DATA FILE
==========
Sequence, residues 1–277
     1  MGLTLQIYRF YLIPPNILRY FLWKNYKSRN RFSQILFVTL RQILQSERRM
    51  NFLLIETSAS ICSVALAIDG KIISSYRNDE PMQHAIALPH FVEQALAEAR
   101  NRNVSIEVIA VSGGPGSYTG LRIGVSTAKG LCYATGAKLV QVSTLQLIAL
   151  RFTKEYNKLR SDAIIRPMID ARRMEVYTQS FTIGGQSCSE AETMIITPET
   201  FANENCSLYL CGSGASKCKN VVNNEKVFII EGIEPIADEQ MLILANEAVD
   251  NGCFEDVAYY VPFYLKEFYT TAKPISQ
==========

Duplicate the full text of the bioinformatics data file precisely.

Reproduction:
Sequence, residues 1–277
     1  MGLTLQIYRF YLIPPNILRY FLWKNYKSRN RFSQILFVTL RQILQSERRM
    51  NFLLIETSAS ICSVALAIDG KIISSYRNDE PMQHAIALPH FVEQALAEAR
   101  NRNVSIEVIA VSGGPGSYTG LRIGVSTAKG LCYATGAKLV QVSTLQLIAL
   151  RFTKEYNKLR SDAIIRPMID ARRMEVYTQS FTIGGQSCSE AETMIITPET
   201  FANENCSLYL CGSGASKCKN VVNNEKVFII EGIEPIADEQ MLILANEAVD
   251  NGCFEDVAYY VPFYLKEFYT TAKPISQ